Thailand Becomes First ASEAN Nation to Recognize Same-Sex Marriage

Thailand Becomes First ASEAN Nation to Recognize Same-Sex Marriage

With the Senate voting decisively in favor of a bill that will make the kingdom the first country in Southeast Asia to recognize marriage equality, Thailand’s same-sex marriage bill cleared its last political hurdle on Tuesday.

After receiving a majority vote in favor of the bill in the Senate, it will now proceed to the royal assent process and other formalities, which could take up to four months, before it becomes law.

At that point, Thailand will only be the third Asian country to legalize gay marriage, following Taiwan and Nepal.

Following years of advocacy, LGBTQ activists have achieved a significant victory with the passage of the marriage equality measure in both parliamentary chambers. This is because the nation’s civil union statute has not kept pace with its liberal societal values.

The new law gives same-sex couples rights over inheritance, hospital consent, property management, and adoption that were previously denied to them. It also defines marriage in gender-neutral terms rather than just referring to “men” and “women.”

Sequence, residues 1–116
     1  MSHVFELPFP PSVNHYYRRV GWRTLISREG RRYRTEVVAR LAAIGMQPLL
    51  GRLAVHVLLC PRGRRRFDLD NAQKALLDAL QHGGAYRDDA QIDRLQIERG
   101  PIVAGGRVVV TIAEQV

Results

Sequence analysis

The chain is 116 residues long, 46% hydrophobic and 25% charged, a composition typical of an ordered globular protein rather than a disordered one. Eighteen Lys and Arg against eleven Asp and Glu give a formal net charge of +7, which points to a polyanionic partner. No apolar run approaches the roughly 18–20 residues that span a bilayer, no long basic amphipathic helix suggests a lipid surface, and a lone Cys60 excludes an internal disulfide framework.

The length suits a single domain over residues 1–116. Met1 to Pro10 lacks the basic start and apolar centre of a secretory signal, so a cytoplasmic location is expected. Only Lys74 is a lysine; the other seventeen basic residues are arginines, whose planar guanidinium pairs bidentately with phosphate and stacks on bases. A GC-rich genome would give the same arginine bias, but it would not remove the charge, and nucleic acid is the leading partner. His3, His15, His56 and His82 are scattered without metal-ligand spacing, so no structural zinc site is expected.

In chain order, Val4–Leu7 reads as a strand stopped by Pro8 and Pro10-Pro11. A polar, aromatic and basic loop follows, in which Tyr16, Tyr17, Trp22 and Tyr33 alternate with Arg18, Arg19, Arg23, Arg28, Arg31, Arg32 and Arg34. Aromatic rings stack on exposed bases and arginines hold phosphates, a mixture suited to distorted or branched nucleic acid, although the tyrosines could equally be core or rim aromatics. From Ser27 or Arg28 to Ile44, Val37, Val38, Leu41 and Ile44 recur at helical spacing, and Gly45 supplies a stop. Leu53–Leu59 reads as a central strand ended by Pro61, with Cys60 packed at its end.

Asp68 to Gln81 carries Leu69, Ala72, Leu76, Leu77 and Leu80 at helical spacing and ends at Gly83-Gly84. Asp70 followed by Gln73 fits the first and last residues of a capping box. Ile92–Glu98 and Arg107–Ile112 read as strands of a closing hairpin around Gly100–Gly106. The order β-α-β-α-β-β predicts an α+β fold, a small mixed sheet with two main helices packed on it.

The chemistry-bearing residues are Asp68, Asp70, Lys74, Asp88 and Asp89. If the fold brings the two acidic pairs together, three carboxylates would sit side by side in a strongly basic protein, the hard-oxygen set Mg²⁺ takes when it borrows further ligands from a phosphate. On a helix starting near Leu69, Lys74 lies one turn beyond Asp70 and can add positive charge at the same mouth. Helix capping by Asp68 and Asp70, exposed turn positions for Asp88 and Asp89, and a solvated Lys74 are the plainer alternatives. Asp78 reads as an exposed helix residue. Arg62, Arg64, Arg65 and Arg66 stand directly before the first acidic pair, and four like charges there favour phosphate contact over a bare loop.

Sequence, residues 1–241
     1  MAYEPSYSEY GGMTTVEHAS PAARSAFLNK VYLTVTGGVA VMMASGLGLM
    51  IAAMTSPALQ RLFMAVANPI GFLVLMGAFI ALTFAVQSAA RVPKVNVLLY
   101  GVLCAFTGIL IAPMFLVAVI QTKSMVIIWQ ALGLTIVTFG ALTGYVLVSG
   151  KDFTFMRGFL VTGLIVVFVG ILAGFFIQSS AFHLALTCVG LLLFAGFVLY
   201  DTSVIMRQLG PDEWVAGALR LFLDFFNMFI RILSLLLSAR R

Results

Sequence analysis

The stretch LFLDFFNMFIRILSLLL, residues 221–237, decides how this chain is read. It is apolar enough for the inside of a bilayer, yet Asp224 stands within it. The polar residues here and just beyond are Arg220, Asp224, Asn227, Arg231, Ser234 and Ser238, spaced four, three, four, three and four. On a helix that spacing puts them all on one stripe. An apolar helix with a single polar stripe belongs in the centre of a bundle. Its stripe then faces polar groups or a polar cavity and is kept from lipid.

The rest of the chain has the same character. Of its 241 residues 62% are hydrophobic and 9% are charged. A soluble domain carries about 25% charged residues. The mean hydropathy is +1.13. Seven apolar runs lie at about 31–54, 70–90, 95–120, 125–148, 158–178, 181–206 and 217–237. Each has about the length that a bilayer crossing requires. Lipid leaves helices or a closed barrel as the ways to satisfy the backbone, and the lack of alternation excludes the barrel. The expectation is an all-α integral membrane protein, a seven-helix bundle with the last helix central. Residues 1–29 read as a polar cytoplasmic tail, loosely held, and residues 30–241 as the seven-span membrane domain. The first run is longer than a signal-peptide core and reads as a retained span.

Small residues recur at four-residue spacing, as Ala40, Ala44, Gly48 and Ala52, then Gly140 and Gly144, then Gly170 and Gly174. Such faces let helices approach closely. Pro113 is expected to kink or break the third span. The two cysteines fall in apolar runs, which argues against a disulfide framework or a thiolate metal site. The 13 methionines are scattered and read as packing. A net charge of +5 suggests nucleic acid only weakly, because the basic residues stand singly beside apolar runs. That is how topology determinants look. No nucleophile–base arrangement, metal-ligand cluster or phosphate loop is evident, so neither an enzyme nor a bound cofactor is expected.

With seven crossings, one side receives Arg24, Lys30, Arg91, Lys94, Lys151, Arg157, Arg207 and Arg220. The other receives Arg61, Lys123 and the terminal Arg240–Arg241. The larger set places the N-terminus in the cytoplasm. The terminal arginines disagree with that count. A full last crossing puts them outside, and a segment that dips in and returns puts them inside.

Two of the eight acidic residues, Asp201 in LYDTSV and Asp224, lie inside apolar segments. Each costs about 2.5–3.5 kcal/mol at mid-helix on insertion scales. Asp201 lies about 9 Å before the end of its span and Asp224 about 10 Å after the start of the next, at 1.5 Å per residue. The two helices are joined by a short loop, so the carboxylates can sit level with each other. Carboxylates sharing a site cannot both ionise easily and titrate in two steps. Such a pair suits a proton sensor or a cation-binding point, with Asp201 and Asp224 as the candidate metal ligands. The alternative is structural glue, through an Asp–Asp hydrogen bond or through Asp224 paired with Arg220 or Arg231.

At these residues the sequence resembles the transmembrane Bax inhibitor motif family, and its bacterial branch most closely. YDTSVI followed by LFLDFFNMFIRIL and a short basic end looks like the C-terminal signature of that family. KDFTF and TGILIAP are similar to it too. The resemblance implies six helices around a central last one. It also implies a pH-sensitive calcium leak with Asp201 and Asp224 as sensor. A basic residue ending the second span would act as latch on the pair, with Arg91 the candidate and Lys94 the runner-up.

According to Mookdapa Yangyuenpradorn, a Human Rights Associate at Fortify Rights, “Thailand’s new marriage equality law is a triumph for justice and human rights.”

“The journey to this point has been long and fraught with challenges, but today’s vote to ensure marriage equality marks a historic moment that deserves celebration.”

According to some activists, the law does not go far enough in recognizing the legal status of non-binary and transgender people, who are still unable to legally change their names on identification documents.

In an area where LGBTQ rights are either nonexistent or very limited, Thailand is predicted to see a surge in tourism and economic growth as a result of its acceptance of same-sex unions and its staging of activities during Pride month in June.

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The Pheu Thai party, which controls the government of Prime Minister Srettha Thavisin, has declared its support for same-sex marriages, therefore the law’s passing has also had a political benefit at home.

After the electorally victorious Move Forward Party was kept out of power, the government formed a coalition with hardline conservatives to take office. The youth-focused MFP has supported liberal objectives like the transfer of political power and same-sex unions.

The first person to congratulate the law’s passing was MFP leader Pita Limjareonrat, who wrote on X that it is the “first step towards gender equality in Thai society.”


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